November is fast approaching, and we're actually forecasted to get a bit of snow this week, so it's time to get those spring flowering bulbs in the ground! I actually like to wait until the weather man forecasts snow before I put my bulbs in the ground, mostly because I always get nervous that they'll rot if Mother Nature decides to give us a two week heat wave. Flowering bulbs are super easy to plant, and if you do your “designing” ahead of time, the actual planting will take you less than a nice brisk fall afternoon. Gardeners can choose from a plethora of spring-flowering bulbs however, some of the more popular spring bulbs include daffodils, tulips, hyacinths, crocus, allium, Iris, and lily. Investing a bit of time, energy and of course money, in fall plated bulbs will reward you with beautiful color & fragrance in the spring.
Now that you’ve identified which flowers you want to grow, it’s time to get to them ordered and in the ground.
Bulbs should be available in abundance at your local nursery. The nice thing about buying from your local nursery is that you can touch and feel the bulbs. Another bonus is that you’re supporting local business.
You can also purchase bulbs online. Be sure to select a reputable source for healthy bulbs. Although there are multiple distributors on the web a couple of suggestions would be Burpee (http://www.burpee.com/), and bbbseed (http://www.bbbseed.com/).
And finally, there are many print catalogs that you can order flowering bulbs from. Burpee also has a print catalog, and another notable catalog I like is from, Spring Hill Nursuries (http://springhillnursery.com/).
When to Plant
October is a great time to plant spring flowering bulbs as evening and morning temperatures average between 40°F & 50°F. These temperatures usually drop average soil temperatures below 60°F which is perfect for bulb root development. To be sure of proper soil temperatures wait until after the first frost.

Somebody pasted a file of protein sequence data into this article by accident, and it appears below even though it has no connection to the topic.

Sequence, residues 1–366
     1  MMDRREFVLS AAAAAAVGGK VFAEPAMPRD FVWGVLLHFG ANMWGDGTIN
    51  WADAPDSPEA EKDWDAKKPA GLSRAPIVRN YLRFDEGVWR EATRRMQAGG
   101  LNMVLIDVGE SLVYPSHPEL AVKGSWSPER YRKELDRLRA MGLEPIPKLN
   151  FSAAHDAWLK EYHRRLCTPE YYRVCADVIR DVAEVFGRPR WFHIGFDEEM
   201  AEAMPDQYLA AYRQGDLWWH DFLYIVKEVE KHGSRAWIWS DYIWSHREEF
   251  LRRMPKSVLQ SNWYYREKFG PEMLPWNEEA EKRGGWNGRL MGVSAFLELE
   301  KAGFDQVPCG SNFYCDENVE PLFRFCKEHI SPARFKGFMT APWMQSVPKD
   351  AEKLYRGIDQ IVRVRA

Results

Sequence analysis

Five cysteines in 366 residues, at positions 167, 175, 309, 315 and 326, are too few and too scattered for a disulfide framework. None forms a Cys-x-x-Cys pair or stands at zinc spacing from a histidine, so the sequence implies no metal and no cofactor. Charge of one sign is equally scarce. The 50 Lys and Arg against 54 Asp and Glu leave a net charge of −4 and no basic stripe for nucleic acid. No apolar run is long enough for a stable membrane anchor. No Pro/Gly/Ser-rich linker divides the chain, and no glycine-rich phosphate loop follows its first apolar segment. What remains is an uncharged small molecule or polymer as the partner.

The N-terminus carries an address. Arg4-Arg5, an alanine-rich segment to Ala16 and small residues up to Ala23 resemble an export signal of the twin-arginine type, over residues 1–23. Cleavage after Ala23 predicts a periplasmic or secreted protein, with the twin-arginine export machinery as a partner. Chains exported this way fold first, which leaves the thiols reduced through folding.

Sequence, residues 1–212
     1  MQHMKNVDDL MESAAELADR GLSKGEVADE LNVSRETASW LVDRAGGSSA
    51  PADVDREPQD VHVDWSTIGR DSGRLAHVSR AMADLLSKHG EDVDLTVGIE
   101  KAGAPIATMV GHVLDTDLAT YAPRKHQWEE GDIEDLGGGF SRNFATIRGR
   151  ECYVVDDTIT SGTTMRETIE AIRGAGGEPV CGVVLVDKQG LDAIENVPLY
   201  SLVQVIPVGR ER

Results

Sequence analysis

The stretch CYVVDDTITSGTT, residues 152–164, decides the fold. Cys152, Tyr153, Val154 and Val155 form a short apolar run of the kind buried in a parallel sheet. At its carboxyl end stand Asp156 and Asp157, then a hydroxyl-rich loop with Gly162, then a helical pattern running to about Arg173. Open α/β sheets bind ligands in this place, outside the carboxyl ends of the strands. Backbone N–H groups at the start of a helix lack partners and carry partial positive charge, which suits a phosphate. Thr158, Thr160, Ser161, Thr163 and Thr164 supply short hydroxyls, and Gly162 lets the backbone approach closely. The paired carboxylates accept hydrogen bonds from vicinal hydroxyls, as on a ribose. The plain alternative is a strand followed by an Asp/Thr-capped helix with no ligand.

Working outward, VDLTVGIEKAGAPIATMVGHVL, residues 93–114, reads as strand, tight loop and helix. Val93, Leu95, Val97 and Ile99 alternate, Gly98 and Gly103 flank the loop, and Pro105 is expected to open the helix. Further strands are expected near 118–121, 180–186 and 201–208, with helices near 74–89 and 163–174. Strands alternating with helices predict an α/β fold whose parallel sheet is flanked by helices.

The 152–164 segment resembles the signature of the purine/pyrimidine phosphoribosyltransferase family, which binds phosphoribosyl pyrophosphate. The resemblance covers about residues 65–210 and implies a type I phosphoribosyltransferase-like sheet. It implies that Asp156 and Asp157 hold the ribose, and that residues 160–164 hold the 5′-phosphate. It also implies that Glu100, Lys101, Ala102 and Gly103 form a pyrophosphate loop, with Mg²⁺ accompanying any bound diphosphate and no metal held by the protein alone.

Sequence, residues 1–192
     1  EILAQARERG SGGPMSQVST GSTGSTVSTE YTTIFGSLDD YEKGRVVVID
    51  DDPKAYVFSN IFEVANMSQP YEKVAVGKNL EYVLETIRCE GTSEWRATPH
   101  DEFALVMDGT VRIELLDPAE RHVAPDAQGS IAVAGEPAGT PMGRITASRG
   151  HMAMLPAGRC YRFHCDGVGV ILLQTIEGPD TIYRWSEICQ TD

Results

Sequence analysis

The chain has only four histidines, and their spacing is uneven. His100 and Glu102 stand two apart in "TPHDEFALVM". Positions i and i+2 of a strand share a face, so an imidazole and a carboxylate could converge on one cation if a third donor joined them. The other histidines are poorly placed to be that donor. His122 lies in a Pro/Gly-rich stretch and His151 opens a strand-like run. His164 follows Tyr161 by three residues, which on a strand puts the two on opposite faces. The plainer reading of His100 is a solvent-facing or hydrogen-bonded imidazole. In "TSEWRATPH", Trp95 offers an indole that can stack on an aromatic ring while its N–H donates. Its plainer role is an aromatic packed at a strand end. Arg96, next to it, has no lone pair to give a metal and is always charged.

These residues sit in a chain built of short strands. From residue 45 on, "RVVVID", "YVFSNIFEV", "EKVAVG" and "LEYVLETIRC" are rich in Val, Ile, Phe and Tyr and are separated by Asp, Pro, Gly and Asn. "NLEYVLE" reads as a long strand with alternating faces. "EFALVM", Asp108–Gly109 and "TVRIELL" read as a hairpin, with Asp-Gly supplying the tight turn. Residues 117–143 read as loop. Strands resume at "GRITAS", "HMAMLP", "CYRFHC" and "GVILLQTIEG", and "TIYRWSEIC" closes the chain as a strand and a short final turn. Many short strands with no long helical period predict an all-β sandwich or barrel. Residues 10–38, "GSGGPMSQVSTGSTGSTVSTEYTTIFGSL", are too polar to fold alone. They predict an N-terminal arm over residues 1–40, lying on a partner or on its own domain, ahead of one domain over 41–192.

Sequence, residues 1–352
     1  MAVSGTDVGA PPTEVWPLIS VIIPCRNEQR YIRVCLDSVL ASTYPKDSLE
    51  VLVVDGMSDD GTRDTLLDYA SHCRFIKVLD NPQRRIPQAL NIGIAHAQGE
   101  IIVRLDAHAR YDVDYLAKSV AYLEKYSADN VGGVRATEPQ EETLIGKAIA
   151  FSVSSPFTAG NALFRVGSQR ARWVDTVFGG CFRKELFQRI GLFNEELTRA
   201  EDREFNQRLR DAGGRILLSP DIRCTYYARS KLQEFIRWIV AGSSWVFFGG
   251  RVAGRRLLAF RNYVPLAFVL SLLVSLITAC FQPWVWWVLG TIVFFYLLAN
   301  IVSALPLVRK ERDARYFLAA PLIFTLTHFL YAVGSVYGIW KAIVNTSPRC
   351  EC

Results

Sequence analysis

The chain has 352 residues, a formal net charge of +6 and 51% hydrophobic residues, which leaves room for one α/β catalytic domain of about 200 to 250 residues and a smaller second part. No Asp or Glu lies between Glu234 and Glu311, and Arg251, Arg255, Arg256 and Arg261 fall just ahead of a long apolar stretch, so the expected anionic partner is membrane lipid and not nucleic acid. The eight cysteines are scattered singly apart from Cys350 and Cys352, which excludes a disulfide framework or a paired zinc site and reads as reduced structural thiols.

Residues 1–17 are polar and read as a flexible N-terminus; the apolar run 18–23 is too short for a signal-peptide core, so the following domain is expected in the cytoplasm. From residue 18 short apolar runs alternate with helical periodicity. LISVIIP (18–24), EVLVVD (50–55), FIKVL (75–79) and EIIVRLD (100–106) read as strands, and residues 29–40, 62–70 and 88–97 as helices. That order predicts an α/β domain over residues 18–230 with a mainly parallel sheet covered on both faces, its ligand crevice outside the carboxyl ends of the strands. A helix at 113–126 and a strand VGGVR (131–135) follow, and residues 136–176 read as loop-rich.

I’ve also heard that many gardeners believe that if you plant your bulbs during a waxing moon as opposed to a waning moon conditions are perfect for spring bulb planting. Waxing is when the moon is getting bigger, and waning is when the moon is getting smaller.
Where to Plant
You can plant bulbs pretty much anywhere as long as the soil is well drained. My grandfather always told me that flowering bulbs don’t like to have their “feet” wet, and the Dutch say “bulbs don’t like wet feet” maybe grandpops was Dutch? Seriously soil that doesn’t drain well will usually rot bulbs. Bulbs also like a lot of sun, but since there is no foliage on the trees in the spring they’ll get a lot of sun pretty much anywhere.
Preparing the Soil
You should prepare the soil just like you would any other flower bed. Loosen the soil so it’s workable, and breathable. You should take this opportunity to mix a bit of compost and manure in with the soil. The compost and the manure are all the fertilizer that the newly planted bulbs will require.
Once you soil is prepped planting is easy follow the following tips and you’ll enjoy brilliant colors & fantastic fragrances come spring:
- Plant “pointy” end up. Although the bulb will most likely grow no matter how it’s “thrown” into the ground they will enjoy better root development if the pointy end is up.
- Plant bigger bulbs 8” deep and smaller bulbs 5” deep. If you’re not into using a ruler a good rule of thumb is to plant the bulb twice as deep as the high of the bulb itself…hope that makes sense…and if not check out the image below for a little help…
- Plant bulbs in groups. Try not to scatter them about one by one. Groups of bulbs produce a much more impressive display of color!
- Since you have already prepped you soil there really isn’t a need for fertilizer. Bulbs tend to store fertilizer especially for the first years growth. If you feel you must fertilize, you can soak the roots of the bulb in Annie Haven’s MOOPOO (http://www.manuretea.com) overnight, and water newly planted bulbs with it after planting.
- BIG TIP…keep the rodents out! I purchase inexpensive window screen. When the bulb is in the ground I cut a square somewhat larger than the hole place it over the soil and cover with mulch. If you don’t have mulch in the bed simply cover with a layer of soil. I have also heard putting old plastic potting pots over them works, but I know for fact that wouldn’t work against the genius squirrels and chipmunks at my house!
- Finally, water them down nicely and voila done!
So as you can see planting bulbs is super easy, and if you follow the tips I’ve laid out above you’ll enjoy fantastic flowers in the spring. I also love spring bulbs as they do signal that spring is here, and I know it’s time for spring garden duty!!
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